Is the best way to keep a New Year’s Resolution to use reverse psychology?
The road to hell is paved with good intentions and as another year draws to a close, well meaning folk everywhere are busy drawing up a fictional list of resolutions they are fated to fail.
Not I though … I know it is an utterly pointless task. After all, a New Year’s resolution is something that goes in one year and out the other.
New Year’s Resolutions are just a way of heaping extra pressure on yourself. You make ‘em, you break ‘em and then you end up crying into your soup because you feel such a failure.
So you fancy that huge slice of chocolate cake that is laden with 948 calories? Eat it. Fancy skipping your gym session after work even though you know it is good for your health and fitness? Do it. Does the thought of that massive pile of paperwork fill you with lethargy even though you know you can tackle it with a little self-discipline? Leave it until tomorrow.
Personally, I think there’s no worse way of starting off a fresh New Year than by giving yourself a list of insurmountable challenges to overcome.
Far better to roll with it, go with the flow and hit that snooze button and put those well-meaning goals off for another year.
I know what I am and am accepting of it. I know I’m not going to lose that weight I want to shed, I know I’m never going to start being sensible with money and stop spending money I haven’t got, and I know I’m never going to become tidy and organised.
In fact, not only am I secure in the knowledge that New Year’s Resolutions are doomed to fail, I actually believe it is better to try a bit of reverse psychology by coming up with a list of alternative resolutions. That way, if you fail your resolutions, you’re actually succeeding, if you know what I mean.
For instance, in 2015, I think I will aim to put on half-a-stone – or even go the whole hog and try to gain a full stone.
I’ll try and get myself into debt and spend until all my credit cards have hit their max.
I’ll try my hardest to keep my desk as messy and chaotic as possible and at home, I will always try and leave my clothes in a messy pile on the bedroom floor rather than hanging them up in the wardrobe.
As for exercise, I think I’ll cut down this year and boycott the gym.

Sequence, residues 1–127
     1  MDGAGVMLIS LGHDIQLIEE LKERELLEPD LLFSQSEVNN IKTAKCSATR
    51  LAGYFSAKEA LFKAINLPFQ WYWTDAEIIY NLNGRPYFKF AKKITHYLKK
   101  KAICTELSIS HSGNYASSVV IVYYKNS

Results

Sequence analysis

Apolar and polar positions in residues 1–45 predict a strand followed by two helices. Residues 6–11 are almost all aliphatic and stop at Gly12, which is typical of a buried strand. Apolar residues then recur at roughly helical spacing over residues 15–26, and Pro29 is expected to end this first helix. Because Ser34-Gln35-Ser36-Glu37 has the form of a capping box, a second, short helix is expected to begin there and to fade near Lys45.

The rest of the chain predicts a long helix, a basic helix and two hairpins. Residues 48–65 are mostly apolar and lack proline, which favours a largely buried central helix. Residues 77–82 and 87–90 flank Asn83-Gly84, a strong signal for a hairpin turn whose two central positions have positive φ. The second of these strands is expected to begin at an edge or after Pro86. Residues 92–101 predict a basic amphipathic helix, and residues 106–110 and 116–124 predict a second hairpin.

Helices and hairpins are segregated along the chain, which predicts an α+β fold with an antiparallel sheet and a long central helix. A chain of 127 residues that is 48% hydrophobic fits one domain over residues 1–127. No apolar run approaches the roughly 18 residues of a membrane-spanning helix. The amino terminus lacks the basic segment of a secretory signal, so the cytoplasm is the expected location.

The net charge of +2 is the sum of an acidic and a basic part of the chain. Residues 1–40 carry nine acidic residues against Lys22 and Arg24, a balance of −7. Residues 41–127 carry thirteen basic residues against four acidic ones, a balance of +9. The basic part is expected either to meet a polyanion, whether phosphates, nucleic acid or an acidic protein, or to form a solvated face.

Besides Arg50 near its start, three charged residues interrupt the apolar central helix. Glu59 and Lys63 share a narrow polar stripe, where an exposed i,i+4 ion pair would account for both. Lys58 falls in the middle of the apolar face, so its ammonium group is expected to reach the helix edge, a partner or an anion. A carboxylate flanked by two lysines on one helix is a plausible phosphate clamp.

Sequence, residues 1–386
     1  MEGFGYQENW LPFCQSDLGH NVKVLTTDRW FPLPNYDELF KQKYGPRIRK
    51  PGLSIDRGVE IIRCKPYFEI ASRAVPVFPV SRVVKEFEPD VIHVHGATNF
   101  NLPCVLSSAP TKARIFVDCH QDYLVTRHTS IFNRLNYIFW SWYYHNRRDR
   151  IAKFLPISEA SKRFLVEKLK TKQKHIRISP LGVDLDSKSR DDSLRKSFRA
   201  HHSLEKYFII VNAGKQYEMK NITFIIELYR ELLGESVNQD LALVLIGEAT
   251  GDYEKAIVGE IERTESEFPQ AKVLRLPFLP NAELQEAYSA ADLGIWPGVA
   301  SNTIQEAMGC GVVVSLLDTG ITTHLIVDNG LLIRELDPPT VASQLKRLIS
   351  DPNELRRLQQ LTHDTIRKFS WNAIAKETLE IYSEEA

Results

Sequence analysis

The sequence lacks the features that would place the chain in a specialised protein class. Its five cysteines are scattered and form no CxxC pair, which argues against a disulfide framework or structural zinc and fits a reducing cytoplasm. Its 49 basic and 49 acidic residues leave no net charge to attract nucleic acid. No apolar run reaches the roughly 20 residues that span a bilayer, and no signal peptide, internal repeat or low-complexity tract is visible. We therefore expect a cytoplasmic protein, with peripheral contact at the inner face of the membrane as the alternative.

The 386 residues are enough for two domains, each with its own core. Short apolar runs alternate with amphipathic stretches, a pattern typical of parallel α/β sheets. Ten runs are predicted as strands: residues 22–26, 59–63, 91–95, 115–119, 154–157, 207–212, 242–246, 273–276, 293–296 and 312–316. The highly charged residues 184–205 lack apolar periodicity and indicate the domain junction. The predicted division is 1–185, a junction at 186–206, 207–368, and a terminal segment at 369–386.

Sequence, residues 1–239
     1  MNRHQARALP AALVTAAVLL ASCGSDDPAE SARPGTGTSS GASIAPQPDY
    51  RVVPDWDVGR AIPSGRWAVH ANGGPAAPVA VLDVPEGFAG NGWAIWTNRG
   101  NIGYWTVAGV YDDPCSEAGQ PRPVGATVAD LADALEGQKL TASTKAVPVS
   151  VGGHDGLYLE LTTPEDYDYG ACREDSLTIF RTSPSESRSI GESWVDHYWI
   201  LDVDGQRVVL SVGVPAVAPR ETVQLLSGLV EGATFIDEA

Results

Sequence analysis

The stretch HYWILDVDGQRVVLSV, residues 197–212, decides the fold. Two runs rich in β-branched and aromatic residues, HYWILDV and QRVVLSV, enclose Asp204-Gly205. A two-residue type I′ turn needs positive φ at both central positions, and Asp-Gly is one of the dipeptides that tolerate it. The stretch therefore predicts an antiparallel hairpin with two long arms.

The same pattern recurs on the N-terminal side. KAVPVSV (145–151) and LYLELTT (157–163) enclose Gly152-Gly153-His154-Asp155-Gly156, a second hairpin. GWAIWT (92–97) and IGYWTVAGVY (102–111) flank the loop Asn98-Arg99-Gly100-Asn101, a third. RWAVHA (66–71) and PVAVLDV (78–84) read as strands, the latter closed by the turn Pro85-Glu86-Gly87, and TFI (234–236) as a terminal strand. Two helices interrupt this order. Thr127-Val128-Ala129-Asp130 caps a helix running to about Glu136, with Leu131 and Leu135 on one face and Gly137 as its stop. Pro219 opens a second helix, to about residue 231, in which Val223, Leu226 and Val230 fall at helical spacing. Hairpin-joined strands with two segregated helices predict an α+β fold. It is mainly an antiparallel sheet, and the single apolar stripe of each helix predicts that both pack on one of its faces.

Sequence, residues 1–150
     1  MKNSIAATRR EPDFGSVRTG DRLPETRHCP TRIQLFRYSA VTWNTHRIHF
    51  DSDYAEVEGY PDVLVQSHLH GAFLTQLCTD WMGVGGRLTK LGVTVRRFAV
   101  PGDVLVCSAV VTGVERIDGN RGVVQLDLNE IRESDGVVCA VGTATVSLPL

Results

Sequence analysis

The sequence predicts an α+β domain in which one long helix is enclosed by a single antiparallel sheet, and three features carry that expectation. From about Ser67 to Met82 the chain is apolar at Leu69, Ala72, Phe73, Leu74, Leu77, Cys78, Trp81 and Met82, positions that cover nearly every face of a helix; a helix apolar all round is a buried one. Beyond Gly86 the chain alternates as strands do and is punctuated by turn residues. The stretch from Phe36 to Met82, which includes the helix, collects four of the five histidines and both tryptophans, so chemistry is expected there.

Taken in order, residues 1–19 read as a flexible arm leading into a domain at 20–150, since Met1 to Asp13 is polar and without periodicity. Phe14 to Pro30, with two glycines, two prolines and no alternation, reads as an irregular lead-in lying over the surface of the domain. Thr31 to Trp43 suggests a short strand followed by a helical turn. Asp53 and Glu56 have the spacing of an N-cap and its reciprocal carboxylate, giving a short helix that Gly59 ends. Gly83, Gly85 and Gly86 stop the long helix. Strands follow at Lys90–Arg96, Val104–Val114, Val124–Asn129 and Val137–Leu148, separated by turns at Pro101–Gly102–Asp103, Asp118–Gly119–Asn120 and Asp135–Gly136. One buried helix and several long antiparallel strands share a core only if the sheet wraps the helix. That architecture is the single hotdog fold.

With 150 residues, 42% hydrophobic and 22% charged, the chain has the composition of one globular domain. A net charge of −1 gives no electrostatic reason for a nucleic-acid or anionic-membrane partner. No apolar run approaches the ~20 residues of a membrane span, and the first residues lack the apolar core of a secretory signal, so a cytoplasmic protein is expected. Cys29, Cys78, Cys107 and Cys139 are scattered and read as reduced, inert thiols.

Food wise, I think I’ll eat more nice things like crisps, chips, chocolate and burgers and reduce my intake of fresh fruit, vegetables and salads.
When it comes to alcohol, I think I need to up the number of units I imbibe each week.
After all, wasn’t it Ernest Hemingway who said you need to drink more to make other people more interesting?
My, my … 2015 is suddenly starting to look rather appealing.
However, if reverse psychology isn’t for you, maybe the best resolutions to make are ones that you actually stand half a chance of achieving. How about: “My New Year’s Resolution is to spend less time interacting with real people and more time on my phone scrolling through Twitter and Facebook”. I know plenty of people who would be BRILLIANT at this.
Or there’s the option of setting yourself small targets and tackling those tiny issues. Every little helps.
I’m talking about things such as making yourself think of a password other than “password”, trying to figure out why you really need 12 e-mail addresses, vowing to read the instructions before trying to assemble something and resolving to spend time with neglected children – your own.
If New Year’s Day rolls round and you realise you completely forgot to make any resolutions, don’t panic.
Simply make a list of everything you did and said the night before and add the word “stop” at the beginning of each sentence.
As that wise man Oscar Wilde once said: “Good resolutions are simply cheques that men draw on a bank where they have no account.”
Have a Happy 2015 everyone!